The wait is over -- The Fed will almost certainly raise interest rates on December 16

The wait is over: the Federal Reserve will almost certainly raise interest rates on December 16.

This would be the first Fed rate hike in over nine years and comes after what has been a tedious year for investors, who spent a inordinate amount of energy thinking about whether or not the Fed would increase its benchmark interest rate, which has been pegged at 0%-0.25% since December 2008.

The last time the Fed actually raised rates was June 2006, but after Friday’s November jobs report met expectations and confirmed that even with tremendous gains over the last several years the US labour market continues to strengthen, the Fed has what it needs to begin the process of raising rates.

In an email following the report, Neil Dutta at Renaissance Macro said simply, “NO MORE EXCUSES.”

“Instead of wasting time focusing on abstract concepts such as equilibrium interest rates and NAIRU, perhaps the Fed should just see what is happening in front of its face,” Dutta wrote. “The message from November’s jobs is clear, the US labour market is unambiguously strengthening.”

Economists at BNP Paribas said that after Friday’s report it’s, “All systems go” for the Fed to raise rates in December.

Ian Shepherdson at Pantheon Macroeconomics said of the report, “More than enough to seal the deal for the 16th.”

So there you have it.

Earlier this week, commentary from Fed chair Janet Yellen made it clear that barring a massive surprise on Friday, December would be the month for Fed action.

In a speech at the Economic Club of Washington, D.C., Yellen said that if the Fed waits too long to raise interest rates it risks needing to tighten financial conditions quickly at a later date. And given that the Fed has been clear it expects to raise interest rates slowly once it begins this process — which in Fedspeak in “normalizing” policy — this outcome would be particularly discouraging.

Here was the key passage from Yellen:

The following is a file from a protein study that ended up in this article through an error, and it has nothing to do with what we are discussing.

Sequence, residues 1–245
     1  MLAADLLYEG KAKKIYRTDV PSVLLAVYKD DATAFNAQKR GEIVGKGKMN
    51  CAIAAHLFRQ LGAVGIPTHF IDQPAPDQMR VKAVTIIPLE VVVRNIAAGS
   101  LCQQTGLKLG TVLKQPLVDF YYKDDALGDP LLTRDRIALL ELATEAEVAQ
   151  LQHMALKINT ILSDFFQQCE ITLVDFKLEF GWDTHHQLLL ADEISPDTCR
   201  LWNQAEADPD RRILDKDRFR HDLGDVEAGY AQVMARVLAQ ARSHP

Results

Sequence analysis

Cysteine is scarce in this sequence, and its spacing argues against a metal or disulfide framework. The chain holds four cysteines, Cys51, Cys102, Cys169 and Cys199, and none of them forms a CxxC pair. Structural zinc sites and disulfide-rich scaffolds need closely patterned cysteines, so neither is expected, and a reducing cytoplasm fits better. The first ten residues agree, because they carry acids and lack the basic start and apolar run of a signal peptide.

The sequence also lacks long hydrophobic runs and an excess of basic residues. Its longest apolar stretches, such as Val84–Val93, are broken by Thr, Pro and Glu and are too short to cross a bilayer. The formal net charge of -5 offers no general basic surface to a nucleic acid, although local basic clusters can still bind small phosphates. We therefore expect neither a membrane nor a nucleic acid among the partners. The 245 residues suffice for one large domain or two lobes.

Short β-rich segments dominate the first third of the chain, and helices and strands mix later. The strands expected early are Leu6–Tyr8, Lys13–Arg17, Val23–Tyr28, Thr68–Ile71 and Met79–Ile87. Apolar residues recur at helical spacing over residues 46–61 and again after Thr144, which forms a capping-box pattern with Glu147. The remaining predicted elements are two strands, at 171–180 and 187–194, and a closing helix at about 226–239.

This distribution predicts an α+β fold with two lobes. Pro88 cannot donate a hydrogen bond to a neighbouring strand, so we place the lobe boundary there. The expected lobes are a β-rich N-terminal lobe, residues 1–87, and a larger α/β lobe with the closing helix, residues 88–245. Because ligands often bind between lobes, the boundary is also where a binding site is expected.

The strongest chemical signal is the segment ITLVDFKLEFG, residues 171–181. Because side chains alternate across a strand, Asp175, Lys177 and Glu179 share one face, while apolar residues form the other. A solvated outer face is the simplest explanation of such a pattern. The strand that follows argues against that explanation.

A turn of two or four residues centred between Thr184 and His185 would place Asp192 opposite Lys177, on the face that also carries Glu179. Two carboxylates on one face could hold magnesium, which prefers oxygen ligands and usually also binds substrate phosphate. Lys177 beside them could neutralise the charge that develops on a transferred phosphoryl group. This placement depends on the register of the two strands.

However, we must also take into account the well-documented lags in the effects of monetary policy. Were the FOMC to delay the start of policy normalization for too long, we would likely end up having to tighten policy relatively abruptly to keep the economy from significantly overshooting both of our goals. Such an abrupt tightening would risk disrupting financial markets and perhaps even inadvertently push the economy into recession. Moreover, holding the federal funds rate at its current level for too long could also encourage excessive risk-taking and thus undermine financial stability.

Speaking on Capitol Hill on Thursday, Yellen said that to continue absorbing the “slack” that remains in the labour market, the economy would need to add fewer than 100,000 jobs per month. At a rate of over 200,000, the current pace of job gains is, in Yellen’s view, “quite a bit” above what’s needed to see further progress in the labour market.

And looking only at the labour market, the Fed has met its goals and conditions are clearly in place to begin a Fed rate hike cycle.

Inflation, however, remains below the Fed’s stated 2% target — the latest data showed core PCE prices, the Fed’s preferred inflation measure which excludes the volatile costs of food and gas, rose 1.3% in the third quarter — as it has for much of the last few years.

Following the Fed’s September policy decision, Yellen reiterated that the Fed needs to be confident inflation will eventually return to its target in order to raise interest rates, even going so far as to say the Fed’s credibility rests on meeting its inflation goal.

Prominent economic commentators, notably Nobel Laureate Paul Krugman, have been vocal that the Fed needs to keep interest rates near 0% until inflation gets closer to the Fed’s stated goal.

And the crux of this argument is that if the Fed gets too aggressive on raising interest rates and the economy tips back into recession after, say, a mere 0.5% interest rate hike, the Fed will be left with little wiggle room to stabilise the economy (which it typically does by cutting rates).

Said another way, the risks of raising rates too early are asymmetric and weighted to the downside: moving too early is far worse than waiting too long.

But throughout 2015 it’s been clear, particularly in signals from Fed chair Yellen, that this is the year the Fed hoped to get off of 0%, an emergency policy setting that has been in place since the depths of the financial crisis.

And in comments on Thursday, Yellen said a rate hike would also be a day to commemorate the progress made by the economy after the worst recession since the Great Depression.

“When the Committee begins to normalize the stance of policy, doing so will be a testament, also, to how far our economy has come in recovering from the effects of the financial crisis and the Great Recession,” Yellen said.

“In that sense, it is a day that I expect we all are looking forward to.”

That day will be December 16, 2015.

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